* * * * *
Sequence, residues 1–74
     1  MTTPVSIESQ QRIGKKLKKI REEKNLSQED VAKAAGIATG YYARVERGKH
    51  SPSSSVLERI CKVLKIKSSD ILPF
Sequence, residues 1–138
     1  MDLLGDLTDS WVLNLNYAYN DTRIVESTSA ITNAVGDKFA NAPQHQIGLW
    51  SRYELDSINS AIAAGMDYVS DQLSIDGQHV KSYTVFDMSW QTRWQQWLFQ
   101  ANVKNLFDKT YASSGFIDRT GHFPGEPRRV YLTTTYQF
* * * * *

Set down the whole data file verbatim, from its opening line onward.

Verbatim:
Sequence, residues 1–74
     1  MTTPVSIESQ QRIGKKLKKI REEKNLSQED VAKAAGIATG YYARVERGKH
    51  SPSSSVLERI CKVLKIKSSD ILPF
Sequence, residues 1–138
     1  MDLLGDLTDS WVLNLNYAYN DTRIVESTSA ITNAVGDKFA NAPQHQIGLW
    51  SRYELDSINS AIAAGMDYVS DQLSIDGQHV KSYTVFDMSW QTRWQQWLFQ
   101  ANVKNLFDKT YASSGFIDRT GHFPGEPRRV YLTTTYQF